October 2, 2014 / 6:08 AM / in 3 years

Tesco's 250-million-pound black hole: Who was minding the shop?

LONDON (Reuters) - “Things are always unnoticed, until they’re noticed,” Tesco Chairman Richard Broadbent said when asked how Britain’s biggest retailer had failed to spot a 250 million pound ($410 million) sized hole in its first-half profits.

Shopping trolleys are seen at a Tesco Express in southwest London September 22, 2014. REUTERS/Luke MacGregor

It was an oversight that led to a 4 billion pound drop in Tesco’s TSCO.L market value and the suspension of four senior executives. The newly installed CEO called in forensic accountants and lawyers to find out what went wrong.

Whether conspiracy or cock-up, the scandal raises doubts over the management and financial oversight at Britain’s largest private sector employer, now in the midst of the gravest crisis in its 95-year history.

“That whole finance organization must be in a world of hurt given what has gone on. The rigor and analysis and the focus seems to have fallen away a little bit,” one former UK Tesco director told Reuters on condition of anonymity due to the sensitivity of the subject.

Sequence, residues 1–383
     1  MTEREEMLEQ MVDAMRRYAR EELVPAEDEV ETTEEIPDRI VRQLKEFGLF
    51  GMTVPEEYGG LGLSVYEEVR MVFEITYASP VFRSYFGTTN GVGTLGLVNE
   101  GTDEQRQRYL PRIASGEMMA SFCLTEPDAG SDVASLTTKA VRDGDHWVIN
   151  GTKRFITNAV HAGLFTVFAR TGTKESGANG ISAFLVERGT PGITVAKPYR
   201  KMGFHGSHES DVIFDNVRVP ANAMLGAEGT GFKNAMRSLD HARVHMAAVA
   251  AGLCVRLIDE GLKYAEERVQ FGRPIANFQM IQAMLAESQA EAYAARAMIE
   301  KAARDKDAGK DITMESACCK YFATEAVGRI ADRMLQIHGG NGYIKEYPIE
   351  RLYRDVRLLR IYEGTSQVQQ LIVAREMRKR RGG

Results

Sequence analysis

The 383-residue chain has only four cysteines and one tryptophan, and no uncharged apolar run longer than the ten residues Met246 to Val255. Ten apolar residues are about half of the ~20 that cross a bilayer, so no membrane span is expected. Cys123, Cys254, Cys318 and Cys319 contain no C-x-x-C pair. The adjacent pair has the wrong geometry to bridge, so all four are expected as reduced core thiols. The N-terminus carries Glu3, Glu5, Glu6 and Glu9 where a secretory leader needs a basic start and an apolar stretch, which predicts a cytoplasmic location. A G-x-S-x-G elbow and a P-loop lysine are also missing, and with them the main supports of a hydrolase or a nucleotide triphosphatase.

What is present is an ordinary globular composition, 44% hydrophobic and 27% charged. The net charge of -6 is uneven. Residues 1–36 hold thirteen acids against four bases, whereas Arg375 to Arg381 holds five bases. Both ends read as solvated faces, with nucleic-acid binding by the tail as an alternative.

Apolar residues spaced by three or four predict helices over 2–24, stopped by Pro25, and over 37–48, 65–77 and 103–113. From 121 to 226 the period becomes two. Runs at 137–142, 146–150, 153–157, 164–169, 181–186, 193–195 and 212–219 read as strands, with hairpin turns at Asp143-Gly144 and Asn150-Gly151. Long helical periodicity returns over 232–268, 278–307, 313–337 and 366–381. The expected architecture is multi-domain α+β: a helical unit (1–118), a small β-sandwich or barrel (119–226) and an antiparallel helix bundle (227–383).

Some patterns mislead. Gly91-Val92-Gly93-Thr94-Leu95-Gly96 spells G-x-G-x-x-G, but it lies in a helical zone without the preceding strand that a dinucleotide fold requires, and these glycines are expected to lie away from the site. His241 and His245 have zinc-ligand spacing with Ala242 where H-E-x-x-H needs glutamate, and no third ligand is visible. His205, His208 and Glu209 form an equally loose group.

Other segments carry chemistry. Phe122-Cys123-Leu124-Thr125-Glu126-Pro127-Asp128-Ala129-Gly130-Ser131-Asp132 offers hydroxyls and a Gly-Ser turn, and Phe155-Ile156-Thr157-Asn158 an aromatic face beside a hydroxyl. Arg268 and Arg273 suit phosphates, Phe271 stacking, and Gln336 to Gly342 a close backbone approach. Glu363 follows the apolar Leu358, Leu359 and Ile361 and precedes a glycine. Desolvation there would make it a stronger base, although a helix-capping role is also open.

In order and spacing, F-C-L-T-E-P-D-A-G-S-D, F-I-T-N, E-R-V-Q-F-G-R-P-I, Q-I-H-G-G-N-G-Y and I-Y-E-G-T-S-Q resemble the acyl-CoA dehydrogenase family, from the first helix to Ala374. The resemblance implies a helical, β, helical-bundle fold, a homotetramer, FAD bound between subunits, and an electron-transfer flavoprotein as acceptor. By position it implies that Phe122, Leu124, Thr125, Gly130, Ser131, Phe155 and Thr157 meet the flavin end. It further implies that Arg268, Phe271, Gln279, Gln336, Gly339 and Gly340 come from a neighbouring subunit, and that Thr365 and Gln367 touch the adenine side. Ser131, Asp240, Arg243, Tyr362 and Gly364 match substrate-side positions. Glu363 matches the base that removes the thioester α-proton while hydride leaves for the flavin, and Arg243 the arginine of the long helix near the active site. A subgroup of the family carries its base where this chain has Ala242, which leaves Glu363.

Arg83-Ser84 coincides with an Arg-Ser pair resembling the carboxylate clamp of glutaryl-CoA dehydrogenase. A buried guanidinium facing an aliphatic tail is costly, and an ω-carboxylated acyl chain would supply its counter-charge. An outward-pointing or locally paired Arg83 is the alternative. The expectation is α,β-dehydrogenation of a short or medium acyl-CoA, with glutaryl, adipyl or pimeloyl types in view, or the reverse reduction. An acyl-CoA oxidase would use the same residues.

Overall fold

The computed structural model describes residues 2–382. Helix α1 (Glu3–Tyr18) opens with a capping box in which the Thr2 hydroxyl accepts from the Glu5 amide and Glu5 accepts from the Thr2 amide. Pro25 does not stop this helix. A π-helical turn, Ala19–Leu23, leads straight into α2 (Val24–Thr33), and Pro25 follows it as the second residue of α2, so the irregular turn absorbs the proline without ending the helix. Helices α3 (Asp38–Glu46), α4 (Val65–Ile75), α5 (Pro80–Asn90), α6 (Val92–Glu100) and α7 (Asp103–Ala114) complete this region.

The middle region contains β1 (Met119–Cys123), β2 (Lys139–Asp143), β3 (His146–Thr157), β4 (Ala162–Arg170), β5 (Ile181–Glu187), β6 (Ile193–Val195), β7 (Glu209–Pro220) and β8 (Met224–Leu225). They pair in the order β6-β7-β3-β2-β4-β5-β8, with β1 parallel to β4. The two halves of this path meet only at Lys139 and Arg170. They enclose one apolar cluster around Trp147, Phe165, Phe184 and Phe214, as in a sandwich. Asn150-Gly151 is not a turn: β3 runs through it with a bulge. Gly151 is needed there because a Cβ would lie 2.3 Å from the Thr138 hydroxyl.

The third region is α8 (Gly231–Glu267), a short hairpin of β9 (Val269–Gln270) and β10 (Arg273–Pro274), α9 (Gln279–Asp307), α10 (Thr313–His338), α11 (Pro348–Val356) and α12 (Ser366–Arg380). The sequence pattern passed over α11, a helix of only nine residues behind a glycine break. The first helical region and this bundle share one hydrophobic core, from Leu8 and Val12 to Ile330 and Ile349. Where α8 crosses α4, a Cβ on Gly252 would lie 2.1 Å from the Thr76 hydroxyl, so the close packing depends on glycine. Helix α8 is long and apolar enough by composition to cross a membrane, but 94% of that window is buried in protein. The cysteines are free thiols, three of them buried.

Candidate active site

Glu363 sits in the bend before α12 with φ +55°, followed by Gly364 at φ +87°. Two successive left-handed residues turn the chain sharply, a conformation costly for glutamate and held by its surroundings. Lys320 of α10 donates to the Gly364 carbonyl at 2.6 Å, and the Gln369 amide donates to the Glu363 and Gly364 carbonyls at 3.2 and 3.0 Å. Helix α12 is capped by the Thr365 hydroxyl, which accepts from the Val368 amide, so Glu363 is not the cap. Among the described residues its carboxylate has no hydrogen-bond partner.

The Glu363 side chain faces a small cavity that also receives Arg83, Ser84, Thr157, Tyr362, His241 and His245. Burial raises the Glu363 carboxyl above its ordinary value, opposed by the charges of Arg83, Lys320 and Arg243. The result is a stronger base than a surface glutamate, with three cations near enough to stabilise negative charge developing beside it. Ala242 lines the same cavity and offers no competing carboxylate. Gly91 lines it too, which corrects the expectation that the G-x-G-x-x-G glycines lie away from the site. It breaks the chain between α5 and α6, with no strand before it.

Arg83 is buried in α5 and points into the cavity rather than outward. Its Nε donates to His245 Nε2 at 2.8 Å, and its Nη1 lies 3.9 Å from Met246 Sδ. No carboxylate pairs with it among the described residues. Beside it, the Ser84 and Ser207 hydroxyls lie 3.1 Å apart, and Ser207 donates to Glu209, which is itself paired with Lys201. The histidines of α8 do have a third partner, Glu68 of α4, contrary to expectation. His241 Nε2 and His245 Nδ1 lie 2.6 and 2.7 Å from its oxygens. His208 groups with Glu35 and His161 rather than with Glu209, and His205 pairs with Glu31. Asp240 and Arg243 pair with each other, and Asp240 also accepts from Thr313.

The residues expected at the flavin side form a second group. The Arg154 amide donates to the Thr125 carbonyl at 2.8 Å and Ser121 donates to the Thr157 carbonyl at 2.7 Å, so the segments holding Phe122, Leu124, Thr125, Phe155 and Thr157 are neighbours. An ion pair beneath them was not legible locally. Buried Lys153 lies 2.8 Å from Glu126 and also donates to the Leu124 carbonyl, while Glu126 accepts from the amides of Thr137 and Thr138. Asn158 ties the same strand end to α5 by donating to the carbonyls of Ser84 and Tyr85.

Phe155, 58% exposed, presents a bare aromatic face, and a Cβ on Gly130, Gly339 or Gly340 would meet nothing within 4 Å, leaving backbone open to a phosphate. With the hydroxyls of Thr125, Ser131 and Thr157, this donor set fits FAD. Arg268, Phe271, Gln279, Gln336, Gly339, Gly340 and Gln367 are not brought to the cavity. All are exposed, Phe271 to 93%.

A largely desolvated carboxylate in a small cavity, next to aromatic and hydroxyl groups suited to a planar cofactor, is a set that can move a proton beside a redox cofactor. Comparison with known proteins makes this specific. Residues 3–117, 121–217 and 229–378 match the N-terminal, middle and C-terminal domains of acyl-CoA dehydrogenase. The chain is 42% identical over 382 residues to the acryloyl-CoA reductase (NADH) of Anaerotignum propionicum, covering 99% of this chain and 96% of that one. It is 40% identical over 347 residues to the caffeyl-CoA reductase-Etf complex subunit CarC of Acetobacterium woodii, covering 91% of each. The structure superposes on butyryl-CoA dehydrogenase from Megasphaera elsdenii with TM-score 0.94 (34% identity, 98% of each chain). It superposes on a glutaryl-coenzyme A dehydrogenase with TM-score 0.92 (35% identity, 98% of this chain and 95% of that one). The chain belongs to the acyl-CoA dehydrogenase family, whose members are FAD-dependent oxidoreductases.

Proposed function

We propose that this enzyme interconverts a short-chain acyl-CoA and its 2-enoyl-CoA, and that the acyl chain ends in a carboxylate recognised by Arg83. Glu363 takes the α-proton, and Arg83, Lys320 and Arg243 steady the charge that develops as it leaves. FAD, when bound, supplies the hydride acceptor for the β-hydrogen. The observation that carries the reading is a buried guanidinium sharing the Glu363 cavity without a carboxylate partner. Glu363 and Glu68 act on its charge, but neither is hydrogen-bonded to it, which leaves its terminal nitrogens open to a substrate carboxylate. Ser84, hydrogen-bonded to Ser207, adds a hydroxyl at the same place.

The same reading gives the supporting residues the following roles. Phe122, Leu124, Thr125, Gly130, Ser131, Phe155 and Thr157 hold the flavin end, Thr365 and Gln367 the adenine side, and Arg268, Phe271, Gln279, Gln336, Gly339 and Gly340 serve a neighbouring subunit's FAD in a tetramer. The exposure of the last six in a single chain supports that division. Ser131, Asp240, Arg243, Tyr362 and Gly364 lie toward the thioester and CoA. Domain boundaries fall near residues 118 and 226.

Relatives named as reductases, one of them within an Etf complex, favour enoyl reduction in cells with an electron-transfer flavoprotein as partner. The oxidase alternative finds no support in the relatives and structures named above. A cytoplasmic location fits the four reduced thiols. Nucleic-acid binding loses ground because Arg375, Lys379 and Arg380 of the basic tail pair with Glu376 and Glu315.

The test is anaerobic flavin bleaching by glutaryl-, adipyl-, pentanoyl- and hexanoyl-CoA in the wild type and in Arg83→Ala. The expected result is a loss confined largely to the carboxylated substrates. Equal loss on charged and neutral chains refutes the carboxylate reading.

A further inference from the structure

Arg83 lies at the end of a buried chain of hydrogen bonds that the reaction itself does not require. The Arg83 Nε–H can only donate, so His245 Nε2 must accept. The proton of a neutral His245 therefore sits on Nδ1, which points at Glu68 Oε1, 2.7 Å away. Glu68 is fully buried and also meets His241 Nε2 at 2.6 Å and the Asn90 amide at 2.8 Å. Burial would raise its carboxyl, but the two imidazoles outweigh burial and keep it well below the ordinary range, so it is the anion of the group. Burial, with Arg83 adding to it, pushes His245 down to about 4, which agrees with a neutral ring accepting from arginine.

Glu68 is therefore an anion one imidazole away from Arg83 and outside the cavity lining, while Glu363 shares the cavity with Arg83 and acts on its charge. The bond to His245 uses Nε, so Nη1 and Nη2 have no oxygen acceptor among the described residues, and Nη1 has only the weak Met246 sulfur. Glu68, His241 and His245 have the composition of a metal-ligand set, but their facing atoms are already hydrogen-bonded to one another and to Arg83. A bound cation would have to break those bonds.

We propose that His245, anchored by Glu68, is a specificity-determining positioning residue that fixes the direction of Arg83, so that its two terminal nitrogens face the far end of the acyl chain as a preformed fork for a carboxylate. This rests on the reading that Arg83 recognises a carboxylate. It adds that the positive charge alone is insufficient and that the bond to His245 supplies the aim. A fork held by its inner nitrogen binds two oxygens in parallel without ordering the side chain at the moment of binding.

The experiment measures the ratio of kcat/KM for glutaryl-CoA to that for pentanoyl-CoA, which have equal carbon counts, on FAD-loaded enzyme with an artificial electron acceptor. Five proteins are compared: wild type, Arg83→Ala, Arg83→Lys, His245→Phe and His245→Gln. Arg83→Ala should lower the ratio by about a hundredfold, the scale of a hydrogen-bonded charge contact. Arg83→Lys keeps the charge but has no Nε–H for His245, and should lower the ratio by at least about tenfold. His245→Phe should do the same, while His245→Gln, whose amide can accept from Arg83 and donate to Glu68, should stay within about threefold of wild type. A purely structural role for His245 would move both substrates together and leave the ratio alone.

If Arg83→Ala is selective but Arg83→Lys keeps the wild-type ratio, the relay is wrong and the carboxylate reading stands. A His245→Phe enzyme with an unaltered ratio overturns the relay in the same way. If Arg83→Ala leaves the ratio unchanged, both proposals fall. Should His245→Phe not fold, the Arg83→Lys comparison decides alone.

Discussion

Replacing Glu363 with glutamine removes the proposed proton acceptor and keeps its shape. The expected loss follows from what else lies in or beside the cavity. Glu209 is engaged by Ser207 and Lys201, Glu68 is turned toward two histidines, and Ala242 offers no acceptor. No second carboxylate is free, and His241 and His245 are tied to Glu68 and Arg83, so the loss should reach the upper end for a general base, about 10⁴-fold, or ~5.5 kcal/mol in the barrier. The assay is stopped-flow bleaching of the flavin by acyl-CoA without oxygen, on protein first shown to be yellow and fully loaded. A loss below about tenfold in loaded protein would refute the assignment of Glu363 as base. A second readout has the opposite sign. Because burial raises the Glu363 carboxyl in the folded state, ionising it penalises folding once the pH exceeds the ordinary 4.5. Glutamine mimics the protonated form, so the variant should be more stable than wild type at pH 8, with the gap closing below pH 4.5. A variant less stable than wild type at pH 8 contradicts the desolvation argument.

Tesco had once appeared unstoppable, boasting two decades of uninterrupted earnings growth as it bulldozed its way to dominance. Things began to go wrong in 2011.

It has now issued three profit warnings in two months with the latest causing the most alarm - the overstatement of its half-year profit forecast by 250 million pounds due to the early recognition of payments by suppliers and the pushing back of costs.

Investors, analysts and some former employees are questioning whether an aggressive culture influenced the way the company handled its finances - especially when trading slowed - and perhaps prevented staff from coming forward to warn that the numbers no longer stacked up.

Tesco has declined to comment on what may have happened until a review has been completed but chairman Broadbent has described it as “something completely out of the ordinary”.